Senate District 9 Update

State Senator Paul Wojno

June 4, 2021


Summer is fast approaching, and whether you’re reuniting with family and friends, going to the local parks and pools to cool off, or simply enjoying the weather, I hope this message finds you well.

This e-news has valuable information on scholarship information for foster care children, benefit information for military service members, acknowledging Asian American Heritage and Pride months, Michigan’s upcoming free fishing weekend, Michigan’s new high-speed internet office, and programs and assistance to help pay utility bills.

As always, please do not hesitate to reach out to my office at 517-373-8360, or email me if you have any questions or need assistance.

Warmest regards, 

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Paul Wojno
State Senator
9th District


Young adults who have experienced foster care on or after their 13th birthday have less than a month remaining to apply for a scholarship from the Fostering Futures Scholarship Trust Fund, according to the Michigan Department of Treasury.

The Fostering Futures Scholarship application period for academic year 2021-22 will stay open until June 30, 2021. Eligible students enrolled at a Michigan degree-granting college or university may now apply to receive scholarship funds for tuition, fees, room, board, books, and supplies.

To learn more about the Fostering Futures Scholarship, visit

Fostering Future Scholarship applicants with questions should contact the state Treasury Department’s Student Scholarships, Grants and Outreach area at or call toll-free at 1-888-4-GRANTS (888-447-2687).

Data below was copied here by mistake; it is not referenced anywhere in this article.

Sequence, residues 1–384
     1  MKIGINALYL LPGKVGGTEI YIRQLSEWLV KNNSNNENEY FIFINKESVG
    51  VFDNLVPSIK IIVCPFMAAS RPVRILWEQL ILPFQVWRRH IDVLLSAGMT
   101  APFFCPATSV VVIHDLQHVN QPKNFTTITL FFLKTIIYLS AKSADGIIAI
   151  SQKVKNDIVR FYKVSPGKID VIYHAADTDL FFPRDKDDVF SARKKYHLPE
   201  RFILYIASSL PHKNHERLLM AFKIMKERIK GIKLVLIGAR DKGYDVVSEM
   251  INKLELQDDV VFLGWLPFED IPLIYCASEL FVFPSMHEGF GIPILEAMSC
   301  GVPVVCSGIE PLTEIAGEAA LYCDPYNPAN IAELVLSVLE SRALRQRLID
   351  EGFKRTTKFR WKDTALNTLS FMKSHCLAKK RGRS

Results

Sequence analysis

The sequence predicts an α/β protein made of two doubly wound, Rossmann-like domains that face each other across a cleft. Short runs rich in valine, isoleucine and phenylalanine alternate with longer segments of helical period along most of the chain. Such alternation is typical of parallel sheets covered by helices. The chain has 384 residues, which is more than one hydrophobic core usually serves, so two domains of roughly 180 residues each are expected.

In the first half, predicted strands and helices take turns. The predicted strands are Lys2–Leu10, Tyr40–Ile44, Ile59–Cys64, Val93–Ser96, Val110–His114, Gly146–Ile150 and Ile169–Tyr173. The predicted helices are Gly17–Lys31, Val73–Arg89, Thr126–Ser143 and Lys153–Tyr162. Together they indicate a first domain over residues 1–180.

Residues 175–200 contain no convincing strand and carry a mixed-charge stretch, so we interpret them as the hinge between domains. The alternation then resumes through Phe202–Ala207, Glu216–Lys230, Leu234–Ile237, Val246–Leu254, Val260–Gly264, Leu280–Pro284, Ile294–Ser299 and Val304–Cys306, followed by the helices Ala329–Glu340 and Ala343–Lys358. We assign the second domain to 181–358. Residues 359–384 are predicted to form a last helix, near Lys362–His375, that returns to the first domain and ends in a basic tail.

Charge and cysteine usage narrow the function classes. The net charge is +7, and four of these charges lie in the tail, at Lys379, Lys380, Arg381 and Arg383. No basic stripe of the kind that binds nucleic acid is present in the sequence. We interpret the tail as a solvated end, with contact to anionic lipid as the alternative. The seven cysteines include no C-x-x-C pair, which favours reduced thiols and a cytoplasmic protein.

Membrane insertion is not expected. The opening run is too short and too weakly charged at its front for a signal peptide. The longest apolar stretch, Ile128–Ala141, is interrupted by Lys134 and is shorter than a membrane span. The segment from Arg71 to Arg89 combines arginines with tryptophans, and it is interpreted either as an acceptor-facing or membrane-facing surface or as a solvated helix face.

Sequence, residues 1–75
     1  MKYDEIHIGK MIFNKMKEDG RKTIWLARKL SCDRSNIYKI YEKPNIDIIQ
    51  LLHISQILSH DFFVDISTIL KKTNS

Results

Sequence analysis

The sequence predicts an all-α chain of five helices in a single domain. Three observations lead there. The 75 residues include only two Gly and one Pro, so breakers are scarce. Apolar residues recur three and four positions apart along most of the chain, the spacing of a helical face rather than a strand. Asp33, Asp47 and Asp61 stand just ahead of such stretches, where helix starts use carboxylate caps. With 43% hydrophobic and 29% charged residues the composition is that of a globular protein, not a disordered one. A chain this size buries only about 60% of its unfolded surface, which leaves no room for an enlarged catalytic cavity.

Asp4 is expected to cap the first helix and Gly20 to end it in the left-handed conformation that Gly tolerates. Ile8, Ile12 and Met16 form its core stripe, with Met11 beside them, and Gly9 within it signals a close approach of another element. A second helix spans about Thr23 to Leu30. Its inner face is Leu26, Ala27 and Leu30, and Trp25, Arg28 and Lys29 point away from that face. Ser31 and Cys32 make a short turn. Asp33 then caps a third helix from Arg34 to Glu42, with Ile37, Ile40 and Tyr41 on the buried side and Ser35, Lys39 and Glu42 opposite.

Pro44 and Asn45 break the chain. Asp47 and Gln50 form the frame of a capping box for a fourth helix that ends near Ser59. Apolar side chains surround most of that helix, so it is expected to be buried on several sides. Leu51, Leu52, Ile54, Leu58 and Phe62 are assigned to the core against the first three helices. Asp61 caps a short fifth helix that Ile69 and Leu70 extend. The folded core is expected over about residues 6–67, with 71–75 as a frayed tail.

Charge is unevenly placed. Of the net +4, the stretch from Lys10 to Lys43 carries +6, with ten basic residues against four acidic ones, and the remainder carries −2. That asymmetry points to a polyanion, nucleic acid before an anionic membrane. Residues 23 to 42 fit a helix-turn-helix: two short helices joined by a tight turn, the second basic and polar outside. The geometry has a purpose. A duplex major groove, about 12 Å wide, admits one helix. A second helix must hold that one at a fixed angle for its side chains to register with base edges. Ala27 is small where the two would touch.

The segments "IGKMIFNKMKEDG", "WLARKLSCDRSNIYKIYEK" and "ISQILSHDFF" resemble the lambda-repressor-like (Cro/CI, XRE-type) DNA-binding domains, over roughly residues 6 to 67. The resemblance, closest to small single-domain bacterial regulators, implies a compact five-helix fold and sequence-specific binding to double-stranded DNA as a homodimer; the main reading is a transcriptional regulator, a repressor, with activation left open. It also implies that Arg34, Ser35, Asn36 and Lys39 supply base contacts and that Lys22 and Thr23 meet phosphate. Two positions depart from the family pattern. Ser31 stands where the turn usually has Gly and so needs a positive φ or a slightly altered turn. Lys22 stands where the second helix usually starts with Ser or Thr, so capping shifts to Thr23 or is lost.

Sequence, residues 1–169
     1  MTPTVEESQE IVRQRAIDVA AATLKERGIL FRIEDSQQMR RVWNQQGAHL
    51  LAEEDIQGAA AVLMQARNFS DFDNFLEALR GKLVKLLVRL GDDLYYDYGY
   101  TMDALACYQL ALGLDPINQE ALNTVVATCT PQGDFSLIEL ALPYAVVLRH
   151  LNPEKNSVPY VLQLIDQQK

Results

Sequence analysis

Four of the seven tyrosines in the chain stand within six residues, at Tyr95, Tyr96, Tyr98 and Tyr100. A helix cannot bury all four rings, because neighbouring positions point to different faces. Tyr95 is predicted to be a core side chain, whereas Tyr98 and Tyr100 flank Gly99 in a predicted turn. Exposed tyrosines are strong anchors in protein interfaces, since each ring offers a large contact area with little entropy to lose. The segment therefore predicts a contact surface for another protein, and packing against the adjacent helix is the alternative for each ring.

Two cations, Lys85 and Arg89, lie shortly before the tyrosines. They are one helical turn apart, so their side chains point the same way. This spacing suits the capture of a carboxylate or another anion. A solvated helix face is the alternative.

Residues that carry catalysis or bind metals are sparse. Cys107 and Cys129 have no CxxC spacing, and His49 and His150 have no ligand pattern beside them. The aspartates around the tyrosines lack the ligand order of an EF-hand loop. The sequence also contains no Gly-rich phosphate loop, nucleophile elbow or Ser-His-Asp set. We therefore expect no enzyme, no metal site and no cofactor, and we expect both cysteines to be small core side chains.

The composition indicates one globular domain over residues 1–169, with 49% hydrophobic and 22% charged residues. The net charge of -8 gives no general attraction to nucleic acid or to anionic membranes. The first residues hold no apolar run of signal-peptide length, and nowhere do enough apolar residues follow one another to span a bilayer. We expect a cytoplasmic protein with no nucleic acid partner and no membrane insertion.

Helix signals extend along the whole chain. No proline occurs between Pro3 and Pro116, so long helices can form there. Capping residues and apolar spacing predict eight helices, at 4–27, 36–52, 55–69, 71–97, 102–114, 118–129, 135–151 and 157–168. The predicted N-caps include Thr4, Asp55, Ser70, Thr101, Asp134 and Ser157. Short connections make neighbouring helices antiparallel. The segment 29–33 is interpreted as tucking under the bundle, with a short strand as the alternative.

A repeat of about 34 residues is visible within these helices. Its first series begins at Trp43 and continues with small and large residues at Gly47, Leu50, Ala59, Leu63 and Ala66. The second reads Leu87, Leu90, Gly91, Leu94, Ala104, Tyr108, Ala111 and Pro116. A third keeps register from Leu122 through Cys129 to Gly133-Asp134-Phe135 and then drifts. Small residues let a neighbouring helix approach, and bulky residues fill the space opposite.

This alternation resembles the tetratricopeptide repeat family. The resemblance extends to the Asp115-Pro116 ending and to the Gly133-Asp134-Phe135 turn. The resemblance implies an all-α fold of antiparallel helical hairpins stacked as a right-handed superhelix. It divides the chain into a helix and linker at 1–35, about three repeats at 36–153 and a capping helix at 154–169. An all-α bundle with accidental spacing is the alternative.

The Michigan Department of Treasury (Treasury) reminds current and former military members of the special benefits they may be entitled to receive, including:

To learn more about tax relief and other benefits for current and past military members, go to


In Michigan, we recognized May as Asian American and Pacific Islander Month, but our work continues to combat hate crimes against Asian Americans, which have sharply increased over the past year.

Michigan is fortunate to have a Michigan Asian Pacific American Affairs Commission (MAPAAC) working diligently on behalf of this fastest-growing population, which makes up 3.7% of the state’s total population. Recently, they recognized various communities for condemning anti-Asian hate, discrimination and rhetoric.

If you believe you’ve been a victim of a hate crime or have credible information about one that’s occurred, you are encouraged to call the Michigan Attorney General’s hate crimes hotline to report it at 313-456-0200. Learn more about the AG’s Hate Crimes Unit on their website.


On Monday, June 1, Gov. Gretchen Whitmer and Lt. Gov. Garlin Gilchrist issued a proclamation marking June as Pride Month to recognize the accomplishments of LGBTQ+ Michiganders and to commemorate the 52nd anniversary of the Stonewall Uprising, an event recognized as a catalyst for the modern LGBTQ+ Civil Rights Movement.

Michigan is home to an estimated 373,000 residents who identify as lesbian, gay, bisexual, transgender, or queer. Michigan is home to the nation’s first non-discrimination ordinance, which passed in 1972 in East Lansing, and was also the first state whose Civil Rights Commission independently recognized that discrimination “because of sex” includes sexual orientation and gender identity in 2018.


On Tuesday, June 1, Gov. Gretchen Whitmer issued Executive Directive 2021-02 to help bridge the digital divide by establishing the Michigan High-Speed Internet Office (MIHI) to make high-speed internet more affordable and accessible.

With broadband access becoming a necessity, the new office will be dedicated to coordinating and advancing efforts to ensure that every home and business has access to an affordable, reliable high-speed connection that meets their needs and that they have the skills to use it effectively.